Kansas police confiscated money stemming from legal cannabis sales.
A Colorado logistics company is seeking the return of nearly $165,000 in cash seized by a Kansas sheriff’s department, arguing that the money is from legal marijuana sales and should not have been taken by law enforcement officers. The cash was seized from an employee of Empyreal Logistics during a traffic stop on May 18 in Dickinson County, Kansas after being collected by the employee from medical marijuana dispensaries in Missouri.
The U.S. Attorney’s office for Kansas filed a civil asset forfeiture case in the matter, claiming in court documents that the cash is subject to seizure because of alleged violations of federal laws against manufacturing and distributing drugs, according to media reports. The unidentified driver of the vehicle has not been charged with a crime, however.
Drug Enforcement Administration Special Agent Bryson Wheeler wrote in an affidavit filed in the forfeiture case that the approximately $165,620 was seized from a Ford Transit van owned by Denver-based Empyreal Logistics by Dickinson County Sheriff’s Deputy Kalen Robison during a traffic stop along I-70. Robison had also pulled the van over the day before for a minor traffic violation.
During the first traffic stop, the driver told the deputy that she was collecting money from cannabis dispensaries in Kansas City, Missouri, and transporting the cash through Kansas to a credit union in Colorado. Missouri legalized medical marijuana in 2018 through a voter-approved constitutional amendment, but Kansas is one of the few remaining states that have no provisions for legal cannabis.
The driver was released and put under surveillance by DEA agents, who observed her “stopping at and entering multiple state marijuana dispensaries” in Missouri. The day after the initial traffic stop, Robison pulled the van over again along the interstate. The reason for the second traffic stop is not included in the affidavit, according to the Topeka Capital-Journal.
During the traffic stop on May 18, law enforcement officers seized five bags of cash, which the driver claimed were from cannabis dispensaries in Missouri. A police canine unit later “alerted to the odor of marijuana coming from the currency,” the DEA agent wrote, and “marijuana is a controlled substance and illegal under both federal and Kansas state law.”
Attorneys for Empyreal Logistics argued in court documents that the seized cash should be returned to the company, disputing claims from federal prosecutors that the money was related to drug trafficking and subject to forfeiture.
“Plaintiff’s claims should be barred as the conduct which generated the Defendant property was lawful under Missouri state law and tacitly or affirmatively allowed by the action of the United States Federal Government,” the company’s lawyers wrote.
The Empyreal case illustrates the difficulties faced by state-legal cannabis businesses, which are forced to operate mainly in cash because of federal drug and money-laundering laws. On its website, the firm promises to address the challenges of operating in a cash-only industry with solutions including “low-profile, eco-conscious, armored vehicles.”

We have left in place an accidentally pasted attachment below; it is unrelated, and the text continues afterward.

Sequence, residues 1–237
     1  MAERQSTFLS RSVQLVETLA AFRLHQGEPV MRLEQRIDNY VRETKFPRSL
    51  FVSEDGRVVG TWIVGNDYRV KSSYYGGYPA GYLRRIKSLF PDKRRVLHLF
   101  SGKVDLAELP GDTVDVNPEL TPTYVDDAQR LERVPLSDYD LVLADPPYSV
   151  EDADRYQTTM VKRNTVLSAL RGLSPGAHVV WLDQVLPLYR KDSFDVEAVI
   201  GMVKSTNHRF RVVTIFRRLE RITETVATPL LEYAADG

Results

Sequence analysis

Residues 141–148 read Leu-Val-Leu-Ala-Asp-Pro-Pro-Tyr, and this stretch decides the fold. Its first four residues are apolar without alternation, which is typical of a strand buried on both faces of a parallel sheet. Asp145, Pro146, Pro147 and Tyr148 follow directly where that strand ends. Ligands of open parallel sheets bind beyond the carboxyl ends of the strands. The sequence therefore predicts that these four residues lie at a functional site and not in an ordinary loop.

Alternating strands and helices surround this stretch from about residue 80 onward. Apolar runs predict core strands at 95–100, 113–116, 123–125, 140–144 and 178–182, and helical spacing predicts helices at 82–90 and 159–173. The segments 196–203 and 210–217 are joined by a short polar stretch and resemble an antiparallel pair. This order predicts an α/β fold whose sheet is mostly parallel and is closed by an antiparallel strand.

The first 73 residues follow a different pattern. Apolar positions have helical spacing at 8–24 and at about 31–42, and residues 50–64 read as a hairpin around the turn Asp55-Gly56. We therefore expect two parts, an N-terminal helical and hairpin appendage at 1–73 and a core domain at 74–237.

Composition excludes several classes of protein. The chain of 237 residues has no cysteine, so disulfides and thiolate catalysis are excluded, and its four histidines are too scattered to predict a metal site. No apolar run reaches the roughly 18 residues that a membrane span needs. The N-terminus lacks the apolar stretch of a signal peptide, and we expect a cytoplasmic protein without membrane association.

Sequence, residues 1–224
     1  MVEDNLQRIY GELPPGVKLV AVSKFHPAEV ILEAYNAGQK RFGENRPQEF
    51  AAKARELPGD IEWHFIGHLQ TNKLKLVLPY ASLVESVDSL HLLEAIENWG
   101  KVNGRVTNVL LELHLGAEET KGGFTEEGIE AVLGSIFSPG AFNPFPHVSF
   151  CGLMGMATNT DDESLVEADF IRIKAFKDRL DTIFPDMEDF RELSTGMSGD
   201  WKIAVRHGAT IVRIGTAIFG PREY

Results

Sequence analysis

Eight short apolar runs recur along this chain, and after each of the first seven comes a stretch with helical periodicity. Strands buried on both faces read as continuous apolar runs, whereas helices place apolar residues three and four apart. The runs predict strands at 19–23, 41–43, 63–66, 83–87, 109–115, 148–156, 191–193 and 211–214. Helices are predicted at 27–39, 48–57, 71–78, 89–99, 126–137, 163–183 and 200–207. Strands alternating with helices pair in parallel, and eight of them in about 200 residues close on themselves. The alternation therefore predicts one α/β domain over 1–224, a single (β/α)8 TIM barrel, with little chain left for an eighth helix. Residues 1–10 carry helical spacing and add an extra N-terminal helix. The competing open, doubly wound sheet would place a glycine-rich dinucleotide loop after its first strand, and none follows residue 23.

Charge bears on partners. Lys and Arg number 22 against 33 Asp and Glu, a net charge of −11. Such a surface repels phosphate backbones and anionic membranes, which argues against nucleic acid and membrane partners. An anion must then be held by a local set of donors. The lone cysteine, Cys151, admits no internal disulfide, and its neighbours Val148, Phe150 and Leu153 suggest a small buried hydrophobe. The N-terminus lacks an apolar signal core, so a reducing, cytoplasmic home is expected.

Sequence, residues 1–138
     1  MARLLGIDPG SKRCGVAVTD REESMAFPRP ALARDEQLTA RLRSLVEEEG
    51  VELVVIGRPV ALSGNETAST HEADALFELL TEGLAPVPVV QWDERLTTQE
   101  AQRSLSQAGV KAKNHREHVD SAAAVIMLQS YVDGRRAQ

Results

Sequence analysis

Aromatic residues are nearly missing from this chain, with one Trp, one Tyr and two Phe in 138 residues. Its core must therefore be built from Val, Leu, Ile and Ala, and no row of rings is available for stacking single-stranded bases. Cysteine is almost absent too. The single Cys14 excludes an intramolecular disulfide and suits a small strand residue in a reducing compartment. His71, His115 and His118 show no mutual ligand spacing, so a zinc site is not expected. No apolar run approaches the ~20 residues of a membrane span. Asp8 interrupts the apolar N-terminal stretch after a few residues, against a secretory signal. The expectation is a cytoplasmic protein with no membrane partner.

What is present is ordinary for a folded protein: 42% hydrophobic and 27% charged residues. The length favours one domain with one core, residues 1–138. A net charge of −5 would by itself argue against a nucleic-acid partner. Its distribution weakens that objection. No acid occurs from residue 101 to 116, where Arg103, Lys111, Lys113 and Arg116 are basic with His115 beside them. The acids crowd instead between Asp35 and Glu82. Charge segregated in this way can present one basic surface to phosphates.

“With our state-of-the-art facilities, secure currency processing, and management services, we safely and securely manage the cash assets of hundreds of enterprises across multiple industries so they can concentrate on managing their operations,” the company wrote in a press release unrelated to the asset forfeiture case. “Empyreal uses data and intelligence tools to help maximize our cash solution, with the goal of changing the way clients think of secured transport.”
Arshad Lasi, the CEO of cannabis dispensary operator the Nirvana Group, says that many of the cash-handling issues faced by the cannabis industry could be solved with passage of the SAFE Banking Act, legislation that would allow financial institutions to provide traditional banking services to state-legal marijuana businesses. Provisions of the bill were included in a military spending bill passed by the House of Representatives in September, but the Senate has not yet approved the legislation.
“Providing licensed cannabis businesses with the opportunity to bank in a traditional manner and not be limited to dealing in cash is crucial,” Lasi wrote in an email. “Banking allows companies to remain compliant, helps them avoid liabilities, among other benefits including safety and security.”
“I’m hopeful that the SAFE Banking Act will pass in the Senate, as its passage will also boost the cannabis industry’s reputation as a legitimate and major player in states’ economies,” Lasi added.
Lex Corwin, founder and CEO of California cannabis cultivator Stone Road, said that forcing legal cannabis companies to operate on a cash-only basis is “ridiculous and harmful” and called on lawmakers to pass the legislation.
“The SAFE Banking Act would give an already legal industry the legitimacy it needs and that it’s honestly due, especially since the government has no issues collecting said cannabis businesses’ money in cash,” Corwin told High Times. “Cash dealings are also a huge liability and personal safety issue––the biggest instances of injury and death are around cash pickups and dropoffs, ultimately putting people trying to play within the legal system in harm’s way.”
U.S. Magistrate Judge Kenneth Gale has set a scheduling hearing in the Empyreal asset forfeiture case for January 4. The DEA national public affairs office and a spokesperson for the U.S. Attorney’s Office for Kansas declined to comment on the case to local media, citing the pending litigation.
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